Welcome to Workout Wednesday! I didn’t realize how many answers I would have for this question until I started typing. I think I could talk about finding ways to stay motivated to run forever. If there’s anything you would add, please mention it in the comments!
Q: What’s the best way to motivate when you’re in a slump?
A: In no particular order… (except #1. That first one is my absolute favorite way to re-energize my running. All the others are listed randomly).
1) Sign up for a race
Sometimes just putting a race- any race- on the calendar is all you need to do to gain some motivation. Other times it’s necessary to sign up for a distance that will be challenging or setting a certain time goal for a distance you are already comfortable with. I made a goal of beating Dan in a 5k a few years ago, though I was comfortable with the distance, it was fun to add some friendly competition to my motivation to train.
2)Make it social
Make plans to meet a friend, join a group or a club, or see if your local running store hosts a run that leaves from the store. When I got really into running. I was training for my first marathon, and I was desperate for some company on my long runs. There was a group that left from the running store every Saturday at 7am. Anywhere between five and ten people would meet there, nearly all of whom were much faster than I was. I showed up faithfully, and even though I didn’t always have someone to run with, at the very least it got me out on the road, with all my miles logged before most of my friends were waking up.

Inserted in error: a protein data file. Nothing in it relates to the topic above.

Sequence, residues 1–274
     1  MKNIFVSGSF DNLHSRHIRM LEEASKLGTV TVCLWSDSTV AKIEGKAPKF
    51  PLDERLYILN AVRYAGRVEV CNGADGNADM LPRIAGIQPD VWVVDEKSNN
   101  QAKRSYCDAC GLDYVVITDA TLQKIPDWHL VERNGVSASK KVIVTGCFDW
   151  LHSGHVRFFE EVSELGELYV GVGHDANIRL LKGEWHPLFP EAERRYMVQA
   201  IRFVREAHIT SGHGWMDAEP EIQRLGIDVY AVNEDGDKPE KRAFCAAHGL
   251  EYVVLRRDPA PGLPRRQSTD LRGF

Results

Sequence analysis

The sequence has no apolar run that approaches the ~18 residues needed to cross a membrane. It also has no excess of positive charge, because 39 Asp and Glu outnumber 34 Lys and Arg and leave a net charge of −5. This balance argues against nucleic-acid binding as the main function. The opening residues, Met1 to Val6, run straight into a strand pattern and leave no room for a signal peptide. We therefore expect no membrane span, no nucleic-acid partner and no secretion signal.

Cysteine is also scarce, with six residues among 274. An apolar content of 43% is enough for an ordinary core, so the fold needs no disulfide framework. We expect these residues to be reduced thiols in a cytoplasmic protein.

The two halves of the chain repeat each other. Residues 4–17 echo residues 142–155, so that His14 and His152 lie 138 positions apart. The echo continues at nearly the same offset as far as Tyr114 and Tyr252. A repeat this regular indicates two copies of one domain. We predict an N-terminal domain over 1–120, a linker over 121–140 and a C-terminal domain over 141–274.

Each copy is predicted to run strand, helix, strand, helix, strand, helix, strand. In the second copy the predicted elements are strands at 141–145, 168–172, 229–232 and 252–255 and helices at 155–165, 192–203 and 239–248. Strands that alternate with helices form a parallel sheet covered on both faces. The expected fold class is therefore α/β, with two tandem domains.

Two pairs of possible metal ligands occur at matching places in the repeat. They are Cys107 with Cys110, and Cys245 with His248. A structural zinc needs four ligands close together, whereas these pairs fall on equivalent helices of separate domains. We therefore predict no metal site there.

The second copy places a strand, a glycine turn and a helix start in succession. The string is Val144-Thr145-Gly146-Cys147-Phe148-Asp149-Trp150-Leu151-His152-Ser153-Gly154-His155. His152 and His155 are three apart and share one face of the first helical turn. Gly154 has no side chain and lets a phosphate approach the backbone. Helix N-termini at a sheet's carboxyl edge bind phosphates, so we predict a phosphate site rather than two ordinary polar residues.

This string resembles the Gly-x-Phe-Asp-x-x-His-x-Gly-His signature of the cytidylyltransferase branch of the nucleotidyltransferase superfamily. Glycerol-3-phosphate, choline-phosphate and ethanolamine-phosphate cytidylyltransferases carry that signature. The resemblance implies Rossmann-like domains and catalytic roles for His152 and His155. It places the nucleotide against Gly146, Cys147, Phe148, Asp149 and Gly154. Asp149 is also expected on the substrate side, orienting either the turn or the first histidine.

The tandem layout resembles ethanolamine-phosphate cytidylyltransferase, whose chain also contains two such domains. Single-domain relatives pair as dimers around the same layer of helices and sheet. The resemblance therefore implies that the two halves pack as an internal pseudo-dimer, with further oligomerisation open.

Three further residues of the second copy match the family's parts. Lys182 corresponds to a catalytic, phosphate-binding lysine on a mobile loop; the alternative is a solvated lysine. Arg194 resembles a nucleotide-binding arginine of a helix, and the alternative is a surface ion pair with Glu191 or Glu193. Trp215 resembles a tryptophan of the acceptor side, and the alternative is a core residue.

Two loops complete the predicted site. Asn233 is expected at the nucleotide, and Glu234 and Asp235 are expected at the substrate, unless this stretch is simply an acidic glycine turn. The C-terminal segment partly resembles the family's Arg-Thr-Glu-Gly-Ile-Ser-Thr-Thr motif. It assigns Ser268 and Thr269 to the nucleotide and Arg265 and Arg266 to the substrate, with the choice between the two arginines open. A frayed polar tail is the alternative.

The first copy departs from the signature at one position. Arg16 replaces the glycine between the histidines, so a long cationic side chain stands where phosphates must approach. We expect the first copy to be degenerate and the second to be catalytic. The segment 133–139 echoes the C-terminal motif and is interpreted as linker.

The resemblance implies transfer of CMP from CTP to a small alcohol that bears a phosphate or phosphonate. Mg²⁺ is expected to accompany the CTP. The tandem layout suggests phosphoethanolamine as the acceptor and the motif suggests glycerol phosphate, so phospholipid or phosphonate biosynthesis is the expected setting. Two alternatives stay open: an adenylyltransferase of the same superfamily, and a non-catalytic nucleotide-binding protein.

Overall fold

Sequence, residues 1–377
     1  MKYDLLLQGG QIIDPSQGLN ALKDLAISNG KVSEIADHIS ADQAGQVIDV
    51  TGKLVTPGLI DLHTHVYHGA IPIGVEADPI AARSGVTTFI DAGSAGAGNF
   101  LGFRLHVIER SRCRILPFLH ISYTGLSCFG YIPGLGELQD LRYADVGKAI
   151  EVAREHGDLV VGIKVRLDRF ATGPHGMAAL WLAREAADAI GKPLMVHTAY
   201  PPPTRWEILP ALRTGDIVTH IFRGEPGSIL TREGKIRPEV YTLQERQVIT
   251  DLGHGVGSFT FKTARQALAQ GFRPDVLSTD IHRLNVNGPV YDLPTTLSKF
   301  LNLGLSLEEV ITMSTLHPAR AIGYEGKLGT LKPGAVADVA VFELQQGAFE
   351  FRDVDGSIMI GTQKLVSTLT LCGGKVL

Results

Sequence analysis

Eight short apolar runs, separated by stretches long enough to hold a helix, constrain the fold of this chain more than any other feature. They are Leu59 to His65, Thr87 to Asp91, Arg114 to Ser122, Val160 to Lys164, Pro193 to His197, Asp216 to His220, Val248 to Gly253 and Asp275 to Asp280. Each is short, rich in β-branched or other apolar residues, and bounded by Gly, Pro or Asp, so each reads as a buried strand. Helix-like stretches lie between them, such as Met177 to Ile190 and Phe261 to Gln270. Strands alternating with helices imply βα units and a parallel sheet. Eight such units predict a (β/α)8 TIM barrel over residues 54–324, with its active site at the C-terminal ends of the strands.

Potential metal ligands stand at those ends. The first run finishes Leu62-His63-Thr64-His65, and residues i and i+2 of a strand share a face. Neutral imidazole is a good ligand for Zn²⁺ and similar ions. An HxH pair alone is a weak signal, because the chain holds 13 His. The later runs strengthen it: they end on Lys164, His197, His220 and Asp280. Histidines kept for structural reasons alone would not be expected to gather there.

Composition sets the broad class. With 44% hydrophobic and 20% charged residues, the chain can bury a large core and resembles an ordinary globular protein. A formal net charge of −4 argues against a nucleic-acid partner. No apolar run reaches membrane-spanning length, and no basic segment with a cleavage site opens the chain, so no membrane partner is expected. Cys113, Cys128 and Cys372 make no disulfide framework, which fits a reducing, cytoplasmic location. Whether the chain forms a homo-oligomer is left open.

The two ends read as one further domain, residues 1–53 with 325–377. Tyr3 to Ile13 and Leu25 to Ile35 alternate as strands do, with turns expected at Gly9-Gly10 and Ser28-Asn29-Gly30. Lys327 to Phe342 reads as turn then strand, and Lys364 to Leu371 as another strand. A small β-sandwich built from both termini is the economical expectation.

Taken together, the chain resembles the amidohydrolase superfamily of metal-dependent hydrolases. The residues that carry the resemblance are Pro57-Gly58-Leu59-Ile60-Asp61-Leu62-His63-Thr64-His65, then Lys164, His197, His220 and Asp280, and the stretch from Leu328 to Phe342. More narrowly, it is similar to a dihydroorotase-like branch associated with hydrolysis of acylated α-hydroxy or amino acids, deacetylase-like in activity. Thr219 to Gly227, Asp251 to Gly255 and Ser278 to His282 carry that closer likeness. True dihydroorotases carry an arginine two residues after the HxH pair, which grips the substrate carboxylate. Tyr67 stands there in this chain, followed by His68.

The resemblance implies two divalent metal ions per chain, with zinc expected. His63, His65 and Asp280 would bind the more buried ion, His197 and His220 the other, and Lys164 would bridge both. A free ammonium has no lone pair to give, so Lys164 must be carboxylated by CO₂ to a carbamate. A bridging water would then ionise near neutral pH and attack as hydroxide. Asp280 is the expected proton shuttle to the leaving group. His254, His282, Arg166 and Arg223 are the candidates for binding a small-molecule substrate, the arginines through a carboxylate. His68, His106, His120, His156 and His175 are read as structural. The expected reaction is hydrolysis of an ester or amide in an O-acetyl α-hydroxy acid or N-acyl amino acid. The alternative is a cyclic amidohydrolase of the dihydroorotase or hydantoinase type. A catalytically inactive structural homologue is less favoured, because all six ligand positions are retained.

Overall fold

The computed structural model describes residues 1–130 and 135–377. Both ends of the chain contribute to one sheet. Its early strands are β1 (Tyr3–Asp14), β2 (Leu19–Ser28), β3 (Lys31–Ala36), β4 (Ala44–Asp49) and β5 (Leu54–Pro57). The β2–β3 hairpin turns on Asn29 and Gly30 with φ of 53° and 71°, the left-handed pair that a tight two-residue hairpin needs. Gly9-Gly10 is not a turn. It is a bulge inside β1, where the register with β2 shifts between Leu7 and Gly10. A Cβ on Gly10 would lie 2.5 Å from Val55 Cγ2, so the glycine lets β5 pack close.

3) Change your routine
Do you run on the roads all the time? Try a trail. If you follow the same route all the time, try a detour. Try heading out “naked”- no watch, no tunes, no phone, no Garmin for a change, if any or all of these are part of your normal running accoutrement. If you run the same pace for every run, try adding some intervals to your runs- it can be as simple as picking up the pace between street lamps or as you ascend the hills.
4) Run with music. Or don’t.
If you don’t normally run with music, try running with music. If you normally run with music, download some new tunes. Or try running without it and see what you notice.
5) Run on the treadmill